A recent study has stated that around 6.1 million people could fail to obtain the full amount stipulated in the state pension because they havenít paid into it for the required amount of years. The demographic that the study pertains to is 40 to 65 year-olds.
The study informs that 39% of women and 14% of men in that demographic will miss the 30 years of contributions necessary to receive the full pension, though there are methods in which they can retrieve these contributions such as paying additional National Insurance levies. The average employee in the UK is predicted to be in full-time employment for 37 years.
The number of people unable to claim the full amount is likely to eventually increase considering the fact that the qualifying years is set to rise to 35 years in 2016. However, this only pertains to those starting their career with older workers being tapered into the new scheme in coordination with their pre-existing record of employment.
At present the basic weekly pension is at £113.10 and this is to rise in a few weeks to £115.95. However, this is part of a plan to gradually phase out the old system and have it entirely substituted with the new one by April 2021. The new one will see a ìflat rateî pension scheme falling between £144 and £155 per week on the condition that these pensioners have paid National Insurance contributions for a total of 35 years. Also, they will have to prove that they did not choose against the second state pension.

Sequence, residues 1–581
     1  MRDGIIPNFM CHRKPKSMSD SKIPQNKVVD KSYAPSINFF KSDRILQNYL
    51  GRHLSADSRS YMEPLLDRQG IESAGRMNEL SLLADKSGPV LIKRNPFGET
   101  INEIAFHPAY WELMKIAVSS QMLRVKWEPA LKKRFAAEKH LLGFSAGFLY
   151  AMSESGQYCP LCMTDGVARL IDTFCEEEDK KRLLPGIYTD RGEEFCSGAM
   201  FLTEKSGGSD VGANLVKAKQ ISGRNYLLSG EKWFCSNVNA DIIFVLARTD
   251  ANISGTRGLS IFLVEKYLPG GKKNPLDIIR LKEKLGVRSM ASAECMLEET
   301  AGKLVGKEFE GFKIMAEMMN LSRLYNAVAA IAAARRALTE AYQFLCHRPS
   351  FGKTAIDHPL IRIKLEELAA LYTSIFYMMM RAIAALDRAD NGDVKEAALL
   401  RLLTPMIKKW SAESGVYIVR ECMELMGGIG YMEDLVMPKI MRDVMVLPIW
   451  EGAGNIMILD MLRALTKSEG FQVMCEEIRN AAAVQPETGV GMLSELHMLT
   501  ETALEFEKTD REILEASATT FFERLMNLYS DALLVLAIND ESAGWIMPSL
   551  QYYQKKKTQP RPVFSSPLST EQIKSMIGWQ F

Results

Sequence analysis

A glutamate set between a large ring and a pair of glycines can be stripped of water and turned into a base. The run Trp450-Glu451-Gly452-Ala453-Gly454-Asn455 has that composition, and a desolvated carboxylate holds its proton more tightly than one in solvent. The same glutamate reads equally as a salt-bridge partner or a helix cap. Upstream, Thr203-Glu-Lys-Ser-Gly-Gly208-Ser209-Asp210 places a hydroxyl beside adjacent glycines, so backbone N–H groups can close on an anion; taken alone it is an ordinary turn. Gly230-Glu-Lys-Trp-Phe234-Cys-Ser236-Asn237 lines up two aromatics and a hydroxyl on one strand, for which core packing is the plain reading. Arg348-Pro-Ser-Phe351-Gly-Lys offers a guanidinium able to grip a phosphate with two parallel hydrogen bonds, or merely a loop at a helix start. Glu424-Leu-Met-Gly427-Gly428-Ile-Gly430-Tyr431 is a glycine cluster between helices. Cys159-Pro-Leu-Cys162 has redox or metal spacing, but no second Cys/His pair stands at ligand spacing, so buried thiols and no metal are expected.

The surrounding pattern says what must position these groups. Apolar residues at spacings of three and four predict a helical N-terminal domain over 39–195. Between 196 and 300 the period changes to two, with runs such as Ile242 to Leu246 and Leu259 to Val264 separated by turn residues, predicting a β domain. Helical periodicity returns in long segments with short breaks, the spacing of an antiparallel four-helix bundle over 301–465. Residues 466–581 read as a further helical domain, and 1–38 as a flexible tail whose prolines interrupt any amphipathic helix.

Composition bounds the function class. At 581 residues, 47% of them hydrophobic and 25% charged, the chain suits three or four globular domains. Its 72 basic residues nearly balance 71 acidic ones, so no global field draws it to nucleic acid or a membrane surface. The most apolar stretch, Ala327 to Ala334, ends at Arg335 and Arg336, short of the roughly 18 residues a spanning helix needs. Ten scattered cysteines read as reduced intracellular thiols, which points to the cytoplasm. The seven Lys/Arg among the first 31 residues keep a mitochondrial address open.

The report reveals that those most likely to be affected are workers who left their employment in order to raise their children and also employees who suffered from a long-term disease. Data shows that 10% of workers have taken time away from employment in order to aid a family member whilst 11% left for educational reasons.
Furthermore, data shows that particular regions are likely to suffer more than others. The proportion of 40-65 year-olds who have been in employment for less than 30 years is lowest in London at 19% whilst highest in Wales at 35%. The regions of North East and North West have a high proportion at 30% and 32% respectively, whilst Yorkshire has a relatively low rate at 22%.
Andrew Megson works at Partnership, the firm who oversaw the study, and he stated: ìWhen people plan their retirement finances, many assume that they will be eligible for the full state pension. However, almost a third have not worked for the 30 years required and if they have not taken any action to ensure they either make voluntary contributions or receive the relevant credits they may well face a nasty shock in retirement.î
He went on to argue: ìOthers who opted out of the state second pension may also find that the support that they receive from the Government is less than they hoped. Therefore, it is vital when planning your retirement finances to ensure that you not only understand how much you will receive as part of the state pension but consider making up the shortfall if at all possible.î
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